Stem Galling Moth
(one synonym : Steganoptycha flavocellana Clemens, 1865)
EUCOSMINI, OLETHREUTINAE, TORTRICIDAE, TORTRICOIDEA
Live neonate larva
tunnelling downward into Parthenium hysterophorus shoot.
This Caterpillar originated in America, where its foodplants are from various genera of the family ASTERACEAE including:
as well as
In 1982, it was introduced into Australia from Mexico to control the weeds of the family ASTERACEAE :
It has been considered for the same purpose in Canada.
The eggs are very small, and pale in colour. They are laid singly on the leaves of a foodplant. The first instar larva burrows into the leaf to feed. Later, the Caterpillar burrows into the centre of a growing shoot, feeding on the terminal meristem, and growing to length of about 1 cm. It induces the plant to thicken the stem, creating an elongated gall, about 1 cm across and with a length of about 2 cms. In this gall, the Caterpillar subsequently lives, feeds, and pupates. In due course, the adult moth emerges from the gall from approximately the same position as that at which the Caterpillar originally entered the shoot, thus having executed a nifty about-turn inside the gall.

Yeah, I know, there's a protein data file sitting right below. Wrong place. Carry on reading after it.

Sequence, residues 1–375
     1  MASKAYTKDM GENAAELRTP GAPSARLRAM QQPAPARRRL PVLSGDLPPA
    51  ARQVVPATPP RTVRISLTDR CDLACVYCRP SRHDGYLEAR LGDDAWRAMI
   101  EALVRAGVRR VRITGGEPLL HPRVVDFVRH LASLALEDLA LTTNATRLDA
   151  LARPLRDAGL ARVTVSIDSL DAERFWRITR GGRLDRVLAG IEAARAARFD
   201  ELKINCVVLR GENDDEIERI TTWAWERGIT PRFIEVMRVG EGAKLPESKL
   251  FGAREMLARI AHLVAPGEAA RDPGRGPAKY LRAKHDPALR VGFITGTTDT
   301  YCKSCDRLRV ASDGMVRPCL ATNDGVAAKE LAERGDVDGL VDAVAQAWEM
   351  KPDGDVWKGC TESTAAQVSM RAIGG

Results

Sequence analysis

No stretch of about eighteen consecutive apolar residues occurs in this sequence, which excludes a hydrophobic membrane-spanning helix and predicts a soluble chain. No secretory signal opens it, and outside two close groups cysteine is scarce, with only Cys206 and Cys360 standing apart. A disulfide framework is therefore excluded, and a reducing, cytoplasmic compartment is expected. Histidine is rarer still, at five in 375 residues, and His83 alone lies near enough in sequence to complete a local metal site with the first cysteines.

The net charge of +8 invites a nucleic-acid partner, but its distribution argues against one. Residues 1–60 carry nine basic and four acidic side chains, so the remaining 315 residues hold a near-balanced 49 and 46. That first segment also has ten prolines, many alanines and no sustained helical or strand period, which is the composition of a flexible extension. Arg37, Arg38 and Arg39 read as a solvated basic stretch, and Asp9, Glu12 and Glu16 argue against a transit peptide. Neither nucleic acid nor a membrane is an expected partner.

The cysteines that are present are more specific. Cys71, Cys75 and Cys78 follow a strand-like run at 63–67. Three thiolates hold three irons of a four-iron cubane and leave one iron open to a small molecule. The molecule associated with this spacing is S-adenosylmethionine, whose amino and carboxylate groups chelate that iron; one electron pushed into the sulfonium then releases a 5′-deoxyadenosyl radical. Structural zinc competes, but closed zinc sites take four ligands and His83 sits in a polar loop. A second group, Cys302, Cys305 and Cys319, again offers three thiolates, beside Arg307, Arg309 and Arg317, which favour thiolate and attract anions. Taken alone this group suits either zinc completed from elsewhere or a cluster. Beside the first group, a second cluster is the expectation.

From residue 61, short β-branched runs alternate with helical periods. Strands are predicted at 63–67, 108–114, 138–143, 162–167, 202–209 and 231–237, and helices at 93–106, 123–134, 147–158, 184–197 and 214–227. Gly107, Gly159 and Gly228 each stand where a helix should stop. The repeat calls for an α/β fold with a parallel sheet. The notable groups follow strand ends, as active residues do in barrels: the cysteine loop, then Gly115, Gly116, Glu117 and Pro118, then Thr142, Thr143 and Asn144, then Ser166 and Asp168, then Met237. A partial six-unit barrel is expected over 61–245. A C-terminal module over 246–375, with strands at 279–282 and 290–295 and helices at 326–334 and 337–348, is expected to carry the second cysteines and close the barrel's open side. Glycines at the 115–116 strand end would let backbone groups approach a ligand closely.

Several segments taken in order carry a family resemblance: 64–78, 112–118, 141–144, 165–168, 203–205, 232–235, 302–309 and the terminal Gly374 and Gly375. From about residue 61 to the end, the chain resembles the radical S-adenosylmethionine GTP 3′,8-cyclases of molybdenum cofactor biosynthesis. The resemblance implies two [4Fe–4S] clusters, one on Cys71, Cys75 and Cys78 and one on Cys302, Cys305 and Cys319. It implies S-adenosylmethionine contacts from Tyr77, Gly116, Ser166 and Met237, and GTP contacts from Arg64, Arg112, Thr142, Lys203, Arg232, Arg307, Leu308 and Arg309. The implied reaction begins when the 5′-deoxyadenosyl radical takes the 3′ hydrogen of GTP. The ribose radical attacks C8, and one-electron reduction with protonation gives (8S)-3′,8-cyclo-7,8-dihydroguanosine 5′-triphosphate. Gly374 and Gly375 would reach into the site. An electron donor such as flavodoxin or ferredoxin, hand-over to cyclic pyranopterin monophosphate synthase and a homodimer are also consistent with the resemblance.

The adult moths are dark brown with pale wingtips. They have a wingspan of about 1.5 cms.
The species still occurs in
and in 2009 was proposed for introduction into
Although the caterpillar and pupa are attacked by a number of Australian native Lepidoptera parasitoids, the species now also occurs in
Further reading :
Ian F.B. Common,
Moths of Australia,
Melbourne University Press, 1990, p. 73.
K. Dhileepan, Catherine J. Lockett, and Rachel E. McFadyen,
Larval parasitism by native insects on the introduced stem-galling moth Epiblema strenuana Walker (Lepidoptera: Tortricidae) and its implications for biological control of Parthenium hysterophorus (Asteraceae) ,
Australian Journal of Entomology,
February 2005, vol. 44, no. 1, pp. 83-88.
Tortricites & Tineites,
List of the Specimens of Lepidopterous Insects in the Collection of the British Museum,
Part 28 (1863), p. 383, No. 139.
(updated 11 October 2009, 17 October 2013, 27 January 2014, 14 January 2018, 28 March 2019)